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PepsiCo targeted in new class action lawsuit over ‘improper’ nutrient content claims

By Elaine Watson , 04-Apr-2012

While the chips above have only 10g total fat per the recommended 28g serving, they have 17.8g per 50g serving, taking them above the 13g threshold that would require a disclaimer next to a '0g trans fat' nutrient content claim, argues a new class action
While the chips above have only 10g total fat per the recommended 28g serving, they have 17.8g per 50g serving, taking them above the 13g threshold that would require a disclaimer next to a '0g trans fat' nutrient content claim, argues a new class action

PepsiCo is facing another class action lawsuit in California – this time accusing it of making a nutrient content claim (0 grams trans fat) on Frito-Lay snacks, without adhering to the legal conditions of use for such claims.

The suit is the latest in a recent wave of class actions in which big food brands have been targeted over quite specific technical breaches of federal labeling legislation, as well as alleged violations of California consumer protection laws.

Products might contain 0g trans fat, but also contain disqualifying levels of total fat

In the latest complaint, PepsiCo, which has already been targeted in several class actions over its ‘all natural’ claims on chips using genetically modified ingredients, is accused of making “improper nutrient content claims” on its snacks.

In the action, filed in the US District Court for the Northern District of California, Oakland Division, against Frito-Lay North America and parent company PepsiCo, plaintiff Markus Wilson argues that the defendants have “repeatedly made improper nutrient content claims on products containing disqualifying levels of fat, saturated fat, cholesterol or sodium”.

Products are misbranded under federal and state law

Under federal and state law, firms making a 0g trans-fat claim (which is a nutrient content claim) on products that have more than 13g of fat, 4g of saturated fat, 60mg of cholesterol or 480mg of sodium per 50g serving must also include a statement directing consumers to the nutrients that exceed these limits.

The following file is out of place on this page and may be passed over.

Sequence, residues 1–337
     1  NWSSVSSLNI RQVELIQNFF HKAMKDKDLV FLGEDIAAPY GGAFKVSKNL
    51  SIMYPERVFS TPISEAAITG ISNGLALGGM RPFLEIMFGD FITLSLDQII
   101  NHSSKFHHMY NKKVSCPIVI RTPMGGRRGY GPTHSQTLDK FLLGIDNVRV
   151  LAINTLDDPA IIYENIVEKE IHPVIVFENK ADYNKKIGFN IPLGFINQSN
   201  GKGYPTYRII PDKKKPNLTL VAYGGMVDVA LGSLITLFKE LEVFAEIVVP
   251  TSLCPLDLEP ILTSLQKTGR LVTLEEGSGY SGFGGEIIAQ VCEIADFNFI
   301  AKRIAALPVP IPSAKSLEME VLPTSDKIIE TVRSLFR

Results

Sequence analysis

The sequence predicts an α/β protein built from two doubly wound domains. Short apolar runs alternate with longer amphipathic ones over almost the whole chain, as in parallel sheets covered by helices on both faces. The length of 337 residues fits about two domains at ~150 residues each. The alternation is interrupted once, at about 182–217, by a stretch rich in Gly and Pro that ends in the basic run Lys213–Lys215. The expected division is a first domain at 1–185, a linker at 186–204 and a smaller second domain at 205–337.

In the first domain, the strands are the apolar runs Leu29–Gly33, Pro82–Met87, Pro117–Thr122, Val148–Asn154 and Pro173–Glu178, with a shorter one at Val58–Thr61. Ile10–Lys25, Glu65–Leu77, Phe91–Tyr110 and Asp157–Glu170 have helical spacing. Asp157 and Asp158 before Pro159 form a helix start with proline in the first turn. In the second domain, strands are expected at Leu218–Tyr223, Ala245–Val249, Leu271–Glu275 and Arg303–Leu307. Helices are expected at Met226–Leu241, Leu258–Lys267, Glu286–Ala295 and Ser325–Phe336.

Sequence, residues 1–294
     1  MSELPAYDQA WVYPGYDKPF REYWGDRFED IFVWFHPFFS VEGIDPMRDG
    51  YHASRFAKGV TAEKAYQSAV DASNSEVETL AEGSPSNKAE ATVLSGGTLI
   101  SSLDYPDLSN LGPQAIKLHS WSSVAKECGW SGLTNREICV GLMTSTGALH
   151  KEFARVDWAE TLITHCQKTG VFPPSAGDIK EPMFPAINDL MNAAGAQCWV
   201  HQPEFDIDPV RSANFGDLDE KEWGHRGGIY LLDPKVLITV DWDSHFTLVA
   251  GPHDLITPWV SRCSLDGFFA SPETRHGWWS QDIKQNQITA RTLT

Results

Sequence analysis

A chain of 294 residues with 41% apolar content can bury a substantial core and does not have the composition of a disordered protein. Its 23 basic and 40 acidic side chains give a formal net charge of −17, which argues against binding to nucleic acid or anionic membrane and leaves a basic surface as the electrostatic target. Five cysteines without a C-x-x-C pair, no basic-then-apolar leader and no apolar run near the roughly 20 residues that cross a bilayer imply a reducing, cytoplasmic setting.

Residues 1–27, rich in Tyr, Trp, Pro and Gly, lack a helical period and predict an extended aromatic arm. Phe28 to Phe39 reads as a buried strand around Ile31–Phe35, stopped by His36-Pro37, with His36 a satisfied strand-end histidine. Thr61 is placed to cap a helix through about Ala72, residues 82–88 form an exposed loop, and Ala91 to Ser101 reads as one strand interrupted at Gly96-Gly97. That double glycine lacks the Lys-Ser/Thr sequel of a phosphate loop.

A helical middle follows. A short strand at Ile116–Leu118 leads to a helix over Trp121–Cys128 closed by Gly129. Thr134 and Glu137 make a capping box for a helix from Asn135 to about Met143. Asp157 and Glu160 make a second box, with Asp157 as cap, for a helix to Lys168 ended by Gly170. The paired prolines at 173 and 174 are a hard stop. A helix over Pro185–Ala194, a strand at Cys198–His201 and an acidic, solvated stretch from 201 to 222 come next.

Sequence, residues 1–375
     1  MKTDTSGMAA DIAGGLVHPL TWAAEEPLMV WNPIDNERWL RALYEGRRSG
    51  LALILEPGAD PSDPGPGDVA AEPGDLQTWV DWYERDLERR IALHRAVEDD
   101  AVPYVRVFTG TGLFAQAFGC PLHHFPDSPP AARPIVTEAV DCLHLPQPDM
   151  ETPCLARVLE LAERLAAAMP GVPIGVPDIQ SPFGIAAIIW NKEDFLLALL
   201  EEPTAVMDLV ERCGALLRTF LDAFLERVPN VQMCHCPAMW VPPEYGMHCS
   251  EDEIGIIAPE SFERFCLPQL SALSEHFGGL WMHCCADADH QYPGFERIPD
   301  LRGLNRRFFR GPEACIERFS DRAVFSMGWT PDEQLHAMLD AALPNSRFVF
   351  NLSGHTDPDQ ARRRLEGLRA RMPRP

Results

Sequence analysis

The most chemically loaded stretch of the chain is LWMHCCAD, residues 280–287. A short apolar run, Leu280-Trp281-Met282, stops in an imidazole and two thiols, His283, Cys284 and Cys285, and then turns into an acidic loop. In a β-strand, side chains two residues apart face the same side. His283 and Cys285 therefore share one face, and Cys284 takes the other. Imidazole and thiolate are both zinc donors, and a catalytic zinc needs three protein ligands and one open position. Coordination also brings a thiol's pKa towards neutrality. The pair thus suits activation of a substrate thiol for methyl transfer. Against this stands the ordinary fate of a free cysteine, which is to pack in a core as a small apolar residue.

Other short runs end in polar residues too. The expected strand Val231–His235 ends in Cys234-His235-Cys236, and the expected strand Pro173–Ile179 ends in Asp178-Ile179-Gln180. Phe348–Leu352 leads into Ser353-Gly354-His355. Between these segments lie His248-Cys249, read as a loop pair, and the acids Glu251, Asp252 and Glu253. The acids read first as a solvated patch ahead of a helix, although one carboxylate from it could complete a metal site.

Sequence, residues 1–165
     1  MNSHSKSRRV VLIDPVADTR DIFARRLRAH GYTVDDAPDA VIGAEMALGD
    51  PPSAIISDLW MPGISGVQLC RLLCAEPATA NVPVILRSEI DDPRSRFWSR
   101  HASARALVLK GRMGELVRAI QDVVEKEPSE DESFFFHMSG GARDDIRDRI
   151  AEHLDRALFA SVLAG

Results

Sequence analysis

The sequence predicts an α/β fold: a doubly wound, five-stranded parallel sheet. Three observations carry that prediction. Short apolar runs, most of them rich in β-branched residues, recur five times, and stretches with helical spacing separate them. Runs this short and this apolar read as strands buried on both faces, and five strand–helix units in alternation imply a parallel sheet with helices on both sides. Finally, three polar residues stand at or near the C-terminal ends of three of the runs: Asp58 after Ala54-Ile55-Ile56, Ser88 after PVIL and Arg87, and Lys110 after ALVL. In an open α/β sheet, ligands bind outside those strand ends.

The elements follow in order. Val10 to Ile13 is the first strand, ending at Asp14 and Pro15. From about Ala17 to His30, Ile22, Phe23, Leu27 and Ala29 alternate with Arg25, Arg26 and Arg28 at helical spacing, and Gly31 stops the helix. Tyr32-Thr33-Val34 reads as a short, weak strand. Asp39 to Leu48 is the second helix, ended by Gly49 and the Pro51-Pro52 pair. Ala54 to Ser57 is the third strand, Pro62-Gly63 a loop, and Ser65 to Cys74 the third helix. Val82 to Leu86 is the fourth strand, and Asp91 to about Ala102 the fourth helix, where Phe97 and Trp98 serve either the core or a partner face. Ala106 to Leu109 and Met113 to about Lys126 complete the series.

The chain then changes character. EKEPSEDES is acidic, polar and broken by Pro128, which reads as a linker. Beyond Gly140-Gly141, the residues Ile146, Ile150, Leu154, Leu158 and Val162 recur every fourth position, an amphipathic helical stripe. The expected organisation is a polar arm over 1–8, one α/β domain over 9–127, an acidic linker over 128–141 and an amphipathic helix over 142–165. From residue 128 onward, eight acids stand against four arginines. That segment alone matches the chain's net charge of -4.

For example, in the case of Lays Classic chips, which bear a ‘0 grams trans fat’ claim, Frito-Lay should have included an adjacent disclaimer stating ‘See nutrition information for fat content’, because they also contain more than 13g of total fat per 50g, argues the plaintiff.

“Defendants’ misbranded food products’ packaging prominently makes ‘0 grams trans fat’ claims despite disqualifying levels of fat that far exceed the 13g disclosure threshold,” notes the complaint.

The fact that the oils used in the chips – which have been extensively reformulated to reduce saturated and trans fat – contain more good than bad fats (they are higher in mono-unsaturated fats), is irrelevant from a legal standpoint, notes the complaint.

Issue has been repeatedly raised in FDA warning letters

The Food and Drug Administration (FDA) has repeatedly warned the industry about the conditions of use for making nutrient content claims such as ‘0 grams trans fat’, adds the plaintiff, who is represented by legal firm Pratt & Associates.

The FDA has sent warning letters to the industry including many of the defendants’ peer food manufacturers, for the same types of improper 0 grams trans fat nutrient content claims described above.”

It adds: “The warning letters are hardly isolated, as the FDA has issued at least nine other warning letters to other companies for the same type of improper 0 grams trans fat nutrient content claims at issue in this case.”

PepsiCo did not respond to requests for comment.

However, lawyers contacted by this publication said the case highlighted the growing threat of civil litigation from opportunitistic plaintiffs' attorneys that are scrutinizing food packaging looking for technical breaches of labeling laws as well as 'all-natural' claims and unsupported structure/function type claims.  

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